Things aren't quite as bad as they might seem. The strike is bringing people together, forming leaders, and teaching people - that solutions to the problems of everyday life can come through collective struggle. When this is over, 70,000 workers and their families and friends will have gone through the experience of social struggle, and when they filter on to other jobs, or stay at their present jobs, move, go to school, and go to church, like a dye in a glass they will spread that experience and inform their communities. The fact that workers with families have stayed out on the picket line at all after being out of work for 40 days is extremely significant, and speaks to a fighting spirit on the part of traditionally non-militant service workers. After all, grocery clerks haven't struck for two decades.
LASSO has met a number of extremely militant workers who have become involved in our organization - if it weren't for our small size I'm sure we would have met hundreds more. People like Eric, a Polish immigrant who has attended our meetings consistently and visited 5 stores to help build for our rally. Or Jose, a top-notch picket captain and butcher who helped us from day one and will help us organize movie showings. Or Patricia, the picket captain who spoke at the rally, Jose's wife and a well-respected leader on her line. Or Lordes, who has attained hundreds of signatures for a LASSO petition in support of the strike, and wants to start a new LASSO chapter in South Los Angeles. The success of our rally itself testifies to the strong backbone to the strike, not by virtue of the support of a bureaucratic union, but by virtue of the guts of the actual workers involved, who are risking everything, and diving into something they have never done or been trained to do. Grocery clerks, who are denied opportunities for heroism in their everyday lives, are demonstrating it on the picket lines every day.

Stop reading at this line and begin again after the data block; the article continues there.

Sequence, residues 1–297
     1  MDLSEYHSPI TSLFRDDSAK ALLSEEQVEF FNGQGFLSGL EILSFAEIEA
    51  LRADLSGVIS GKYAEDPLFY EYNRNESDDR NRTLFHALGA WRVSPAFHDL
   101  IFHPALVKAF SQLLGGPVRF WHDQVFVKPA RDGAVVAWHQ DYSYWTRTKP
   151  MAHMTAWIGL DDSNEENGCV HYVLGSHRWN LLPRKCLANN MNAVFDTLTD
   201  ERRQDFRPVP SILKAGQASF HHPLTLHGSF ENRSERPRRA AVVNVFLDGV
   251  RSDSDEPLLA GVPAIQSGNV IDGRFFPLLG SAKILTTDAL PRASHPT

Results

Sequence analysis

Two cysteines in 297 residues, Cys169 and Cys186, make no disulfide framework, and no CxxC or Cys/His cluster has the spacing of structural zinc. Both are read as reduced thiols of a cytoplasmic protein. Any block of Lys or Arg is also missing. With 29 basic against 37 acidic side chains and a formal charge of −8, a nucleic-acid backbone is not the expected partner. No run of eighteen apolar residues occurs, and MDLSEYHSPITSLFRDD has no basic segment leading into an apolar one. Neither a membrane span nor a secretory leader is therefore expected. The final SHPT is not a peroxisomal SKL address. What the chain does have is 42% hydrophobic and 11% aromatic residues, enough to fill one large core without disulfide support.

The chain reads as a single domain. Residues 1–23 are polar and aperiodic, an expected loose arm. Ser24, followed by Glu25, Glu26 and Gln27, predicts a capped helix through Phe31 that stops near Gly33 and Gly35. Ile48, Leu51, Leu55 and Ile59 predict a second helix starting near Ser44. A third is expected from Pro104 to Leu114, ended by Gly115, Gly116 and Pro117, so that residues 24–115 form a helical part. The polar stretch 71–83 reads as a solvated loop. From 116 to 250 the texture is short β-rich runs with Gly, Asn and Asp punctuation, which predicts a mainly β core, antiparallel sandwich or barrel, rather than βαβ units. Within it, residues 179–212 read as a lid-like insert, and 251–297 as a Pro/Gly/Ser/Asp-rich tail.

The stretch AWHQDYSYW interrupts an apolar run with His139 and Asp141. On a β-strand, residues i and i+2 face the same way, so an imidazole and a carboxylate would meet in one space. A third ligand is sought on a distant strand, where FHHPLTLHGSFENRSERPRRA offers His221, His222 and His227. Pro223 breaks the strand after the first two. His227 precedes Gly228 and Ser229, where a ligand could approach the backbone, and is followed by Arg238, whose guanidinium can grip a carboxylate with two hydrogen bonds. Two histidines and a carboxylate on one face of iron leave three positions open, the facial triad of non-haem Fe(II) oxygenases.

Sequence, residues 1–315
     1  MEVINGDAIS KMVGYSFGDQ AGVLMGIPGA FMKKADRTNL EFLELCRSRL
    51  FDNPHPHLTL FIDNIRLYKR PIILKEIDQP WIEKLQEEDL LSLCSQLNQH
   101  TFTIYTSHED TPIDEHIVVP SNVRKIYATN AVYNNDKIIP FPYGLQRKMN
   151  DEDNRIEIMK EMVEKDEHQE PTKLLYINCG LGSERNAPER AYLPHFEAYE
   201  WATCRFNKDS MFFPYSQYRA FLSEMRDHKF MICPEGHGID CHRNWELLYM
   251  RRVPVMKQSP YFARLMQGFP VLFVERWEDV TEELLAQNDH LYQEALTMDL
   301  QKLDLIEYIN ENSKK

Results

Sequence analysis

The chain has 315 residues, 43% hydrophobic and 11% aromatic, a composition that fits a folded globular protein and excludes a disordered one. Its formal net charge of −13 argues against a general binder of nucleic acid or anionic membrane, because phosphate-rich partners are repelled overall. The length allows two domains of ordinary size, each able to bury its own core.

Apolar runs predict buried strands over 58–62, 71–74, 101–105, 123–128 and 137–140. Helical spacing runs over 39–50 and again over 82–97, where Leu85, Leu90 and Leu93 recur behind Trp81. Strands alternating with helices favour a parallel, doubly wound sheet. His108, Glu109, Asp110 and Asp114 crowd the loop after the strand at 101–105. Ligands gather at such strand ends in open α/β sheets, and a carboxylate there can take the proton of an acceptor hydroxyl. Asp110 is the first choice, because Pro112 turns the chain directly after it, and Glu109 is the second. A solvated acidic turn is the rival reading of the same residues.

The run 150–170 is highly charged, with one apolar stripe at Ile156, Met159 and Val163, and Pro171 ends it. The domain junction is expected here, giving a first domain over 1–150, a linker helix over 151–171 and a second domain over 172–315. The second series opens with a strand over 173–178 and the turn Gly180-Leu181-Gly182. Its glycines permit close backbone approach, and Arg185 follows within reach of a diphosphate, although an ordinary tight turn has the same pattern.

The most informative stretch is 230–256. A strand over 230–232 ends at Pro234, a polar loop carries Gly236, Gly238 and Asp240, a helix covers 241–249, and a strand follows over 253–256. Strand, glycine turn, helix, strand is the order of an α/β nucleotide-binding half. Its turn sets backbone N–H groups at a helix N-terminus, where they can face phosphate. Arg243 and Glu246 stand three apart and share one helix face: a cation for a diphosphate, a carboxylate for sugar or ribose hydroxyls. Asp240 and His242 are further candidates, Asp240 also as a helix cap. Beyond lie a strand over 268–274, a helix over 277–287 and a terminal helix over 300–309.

LASSO will plan more rallies, but over the Thanksgiving holiday we will focus on sabotaging grocery stores. We have targeted the largest and most strategic sites and will be filling up our carts with frozen foods and leaving them in inconspicuous places where the items will melt. We will be creating scenes in the checkout stands, leaving huge payloads of food on the conveyor belts without paying for it, backing up the lines and prompting other customers to leave without paying. We will be jamming up their toilets with tampons, and accidentally knocking over expensive bottles of wine. In the meantime, the UFCW, the grocery workers' union, has sent picketers to Southern California grocery distribution centers, and Teamster truck drivers have been honoring these new picket lines. In a few days, at thousands of grocery stores throughout Southern California, the shelves of the big three grocery chains will be sparsely stocked if not empty. The working class of one tiny sector of the California economy will show what an enormous impact it can have- this strike is a tiny forebearer of things to come, something for corporate America to consider before it attempts new advances against our living standards. They have provoked this strike, but the workers, however tattered, however harassed by passerbys telling them to "get a real job," however betrayed by scabs who were once fellow workers, have remained standing. If the profit loss over the Thanksgiving weekend doesn't cause the grocery companies to buckle, those behind the workers will do more to smash their will. The defeat of the grocery chains will be made an example to all U.S. capitalists that their workers are prepared to hold the line against cutbacks by whatever means necessary.
LASSO exists to the left of the AFL-CIO bureaucracy. I see it as a political space in which workers and community activists can come together in their pursuit of the class struggle, and develop a unique and heterogenous political identity. Soon we will start a film series with activists and strikers that will review American labor history- the films will be prefaced with introductions given by LASSO members, and afterwards we will discuss politics. Out of these discussions I personally hope that a pluralistic political identity will emerge that holds one belief in common - that the conquest of political power by the social movement is our ultimate aim, so that one day strikes won't be necessary.
If you are interested in getting involved and live in Southern California, you can contact me at firstname.lastname@example.org.
Josh Saxe is Josh Saxe, 21, lives in Los Angeles and is pursuing a M.A. in History at Cal State Los Angeles. He's a member of the Los Angeles Strikers Solidarity Organization.